• Can add or change distribution strategy with a few lines of code
  • TF Models can be exported to SavedModel using the Keras function (and reloaded too)
  • Coming soon: multi-node sync
  • Coming soon: TPU's

There's a lot in this 22 minute video about TensorFlow v2. Must watch.

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Getting Started in Data Science Part 2

I'm finally getting around to writing Part 2 of Getting Started in Data Science. The first part can be found here. I made suggestions for university students interested in the field of Data Science. I even made a video about it too. 

Pick Two, Master One

Pick two computer languages and become proficient in one and a master at the other one. Or, pick a platform like H2O-Flow or RapidMiner and a language. Become a master at one but proficient in the other. This way you can set yourself apart from other students or applicants. 

The reality is that you will be flipping back and forth between languages in your day to day work life. You could be writing a Python script to connect a database. Then pull in some data and then a D3js wrapper to make make a dashboard. It all depends on where you end up.

Social Equity

I spoke about this in my video, you should get involved socially. Join meetups, go to conferences and then contribute. Did you do a cool project or solve an interesting problem? Ask to speak about it at a meetup. Public speaking does two things for you: it builds your brand, and it helps you get over the fear of speaking. 

I used to 'pooh pooh' people with communication skills. I used to think all they do is talk and produce nothing. Boy was I wrong. Communicating is as important as solving whatever problem you're working on. 

Another way is to join a club or meetup. This is great low stress way to get out and listen to some interesting speakers in the field. There's tons of meetups happening all the time and all you need to do is go to meetup.com and do a search in your area.

If you saw someone give an interesting talk at a meetup, go up to him or her and tell them you enjoyed their talk. Then ask for a business card or ask if there's any opportunities at their company.  Do be an annoying nudge and email them every day asking about opportunities. Check in with them every quarter by sending a nice email with an interesting article you read. 

Create something

The next way is to create something. In my past article, I wrote about about how the Makers have a drive to create. As we say at H2O.ai, Makers Gonna Make. So Make something!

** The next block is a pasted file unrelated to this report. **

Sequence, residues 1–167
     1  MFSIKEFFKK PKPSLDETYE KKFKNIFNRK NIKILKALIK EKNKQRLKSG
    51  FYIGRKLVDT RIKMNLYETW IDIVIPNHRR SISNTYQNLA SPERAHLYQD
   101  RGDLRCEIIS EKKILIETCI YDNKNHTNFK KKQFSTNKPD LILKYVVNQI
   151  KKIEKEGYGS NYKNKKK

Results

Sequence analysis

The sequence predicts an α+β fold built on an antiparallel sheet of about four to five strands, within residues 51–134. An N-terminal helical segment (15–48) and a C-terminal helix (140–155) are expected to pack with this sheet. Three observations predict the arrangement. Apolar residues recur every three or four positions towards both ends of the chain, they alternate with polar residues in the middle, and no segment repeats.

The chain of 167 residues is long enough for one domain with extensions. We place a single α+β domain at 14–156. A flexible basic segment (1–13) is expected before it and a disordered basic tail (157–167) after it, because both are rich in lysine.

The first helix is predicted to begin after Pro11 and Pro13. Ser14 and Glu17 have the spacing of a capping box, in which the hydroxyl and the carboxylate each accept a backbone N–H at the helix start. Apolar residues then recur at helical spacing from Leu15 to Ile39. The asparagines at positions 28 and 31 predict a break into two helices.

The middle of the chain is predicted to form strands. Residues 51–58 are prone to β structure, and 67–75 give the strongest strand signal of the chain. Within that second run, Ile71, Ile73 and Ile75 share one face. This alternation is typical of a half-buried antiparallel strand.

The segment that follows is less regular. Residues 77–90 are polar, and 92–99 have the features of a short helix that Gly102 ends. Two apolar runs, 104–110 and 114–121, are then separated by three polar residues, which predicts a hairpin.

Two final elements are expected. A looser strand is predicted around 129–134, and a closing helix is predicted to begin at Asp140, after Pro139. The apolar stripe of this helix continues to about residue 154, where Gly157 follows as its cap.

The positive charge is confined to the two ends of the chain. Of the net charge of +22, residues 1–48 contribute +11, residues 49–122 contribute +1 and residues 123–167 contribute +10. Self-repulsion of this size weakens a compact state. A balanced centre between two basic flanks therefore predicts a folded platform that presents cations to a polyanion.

Write a new library for python or R. Create new RapidMiner processes. Then share them with the world. Share them on Github, share them on a blog or share them on Medium. Doesn't matter but design/build/code something and release it into the wild.  Then cultivate it's growth. 

Become that guy or gal who's software is being used at Google (but can't get a job there. sheesh!)

Make and then Share!

Start a Business

This is idea is the hardest but the most rewarding. Become an entrepreneur by starting a business. It doesn't have to be big, look at what Ugly from Uglychart is doing. He's domain flipping and making $125,000 per month. The best part? He's the only employee and doesn't want to get big.

Or, you could be like the founders of RapidMiner. Build a Data Science platform back in 2007, then build build a Startup around it! The founders of Instagram designed an app and photo platform for the iPhone and sold it to Facebook. Of course they left Facebook but I'm sure they're going to be sought after by Venture Capitalists. 

The hard part with this suggestion is figuring out what kind of business to start. Are you going to be a consultant or are you going to build a product? Then how are you going to sell it (beware the Fremium Devil). 

In the end, it doesn't matter which route you choose. The most important aspect is to remain involved with a Data Science community. Read up on latest advances, write code, build things, talk to people, and build your personal brand